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is the Table of Contents and the Preface of the web-publication, European Proponents of Sociology Prior To
World War I. Copyright
© 1993 Hans L Zetterberg.
Swedish version available as Sociologins följeslagare, (Ratio, Stockholm 1993).
Hans L. Zetterberg
I The liberal, conservative, and socialist roots of sociology, including Saint-Simon and Marx
Liberalism; Saint-Simon: sociologist and ethical socialist; Conservatism; Marx and "scientific" socialism; Contemporary Marxism; Social democracy; Sociology and socialism
II Rationalism and capitalism: Max Weber
Max Weber's life; The inexorability of rationalisation; The triumph of reason; Life spheres; On capitalism; On religion
III Oligarchy in organisations: Robert Michels
Socialist intellectual from the bourgeoisie; Career; Theory of oligarchy
IV Elites: Vilfredo Pareto
Aristocrat of the intelligentsia; Circulation of the elites; the Latin school
V Social differentiation and anomie: Émile Durkheim
Two predecessors: Maine and Tönnies; Durkheim's life; The overwhelming society; Division of labour; Theory of anomie
One cannot learn sociology solely by reading the latest textbook. Conceptions of society do not (yet) lend themselves to being summarized in one tome. Anyone seeking to acquire knowledge of sociology must (still) read the original versions of the major sociological works. To understand the workings of human beings' exploitation of, and power over, their fellows, one should read Marx. For an insight into how social activities acquire purpose and legitimacy, one should read Weber. If one wonders how confidence and solidarity are forged in a society, one should read Durkheim. There is hardly any point in consulting the latest textbook on such matters.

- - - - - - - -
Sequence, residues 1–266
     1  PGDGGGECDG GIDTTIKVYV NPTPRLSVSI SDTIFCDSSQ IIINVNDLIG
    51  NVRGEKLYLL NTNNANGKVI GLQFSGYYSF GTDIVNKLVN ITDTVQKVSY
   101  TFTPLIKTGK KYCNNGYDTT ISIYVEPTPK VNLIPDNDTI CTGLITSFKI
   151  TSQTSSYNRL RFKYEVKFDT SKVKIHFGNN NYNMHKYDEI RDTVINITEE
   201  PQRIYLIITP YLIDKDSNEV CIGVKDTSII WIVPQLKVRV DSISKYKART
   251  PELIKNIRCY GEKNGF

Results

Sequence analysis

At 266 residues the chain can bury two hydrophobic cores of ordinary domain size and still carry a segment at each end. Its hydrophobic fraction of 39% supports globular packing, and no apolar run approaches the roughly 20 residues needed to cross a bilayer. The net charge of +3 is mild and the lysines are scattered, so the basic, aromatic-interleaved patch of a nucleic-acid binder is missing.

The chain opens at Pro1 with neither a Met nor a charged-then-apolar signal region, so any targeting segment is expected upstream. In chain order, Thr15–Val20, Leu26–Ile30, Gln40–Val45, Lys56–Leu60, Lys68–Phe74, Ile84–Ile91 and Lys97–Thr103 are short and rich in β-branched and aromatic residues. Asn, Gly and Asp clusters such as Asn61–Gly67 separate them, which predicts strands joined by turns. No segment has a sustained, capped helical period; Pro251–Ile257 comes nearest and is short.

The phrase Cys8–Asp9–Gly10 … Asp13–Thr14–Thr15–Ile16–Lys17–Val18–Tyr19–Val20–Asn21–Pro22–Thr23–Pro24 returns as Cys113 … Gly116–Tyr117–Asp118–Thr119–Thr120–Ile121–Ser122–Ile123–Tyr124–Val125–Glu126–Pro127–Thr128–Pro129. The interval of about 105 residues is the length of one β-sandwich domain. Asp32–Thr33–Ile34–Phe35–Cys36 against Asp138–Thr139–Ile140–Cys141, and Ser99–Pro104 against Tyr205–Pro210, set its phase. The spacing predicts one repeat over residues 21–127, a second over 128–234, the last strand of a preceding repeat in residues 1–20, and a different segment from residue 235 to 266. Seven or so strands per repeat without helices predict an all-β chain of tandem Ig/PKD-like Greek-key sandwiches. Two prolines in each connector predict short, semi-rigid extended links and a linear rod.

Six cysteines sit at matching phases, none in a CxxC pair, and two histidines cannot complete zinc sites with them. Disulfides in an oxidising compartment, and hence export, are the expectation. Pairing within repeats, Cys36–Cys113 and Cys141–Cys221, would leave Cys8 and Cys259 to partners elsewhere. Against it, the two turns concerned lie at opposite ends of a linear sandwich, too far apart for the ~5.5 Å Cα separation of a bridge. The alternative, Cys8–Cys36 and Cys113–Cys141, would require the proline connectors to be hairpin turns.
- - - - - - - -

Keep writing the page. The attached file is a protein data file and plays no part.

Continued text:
In the 1950s and '60s, I helped my undergraduate and doctoral sociology students at Columbia and Ohio State Universities to read the classic ─ especially European ─ works of sociology. We formed a seminar to read one book a week and meet to discuss it. It was not a question of research into the history of ideas; it was simply a matter of the students' obtaining help in surmounting their sociological illiteracy and broadening their education a trifle.
Over the years, the list of books and works referred to in our discussions became lengthy. Some important titles recurred every academic year; some were always new. Even when the same book was read by a new group, I did not find it tedious and usually reread the book myself. One of the best definitions of a classic is that it provides new insights every time it is reread.
I have had the opportunity of introducing to American and Swedish audiences some of these works when they have been printed or otherwise debated. My Swedish text Sociologins följeslagare, (Ratio, Stockholm 1993) was based on these introductions and on notes from the seminar readings of the 1950s and '60s. The present text consists of material in English used in preparation of the latter book and material in Swedish from the same book translated into English by Claire James. In editing I have allowed my elder self to prevail over my younger. On the whole, however, the Swedish and English texts are quite faithful to one another.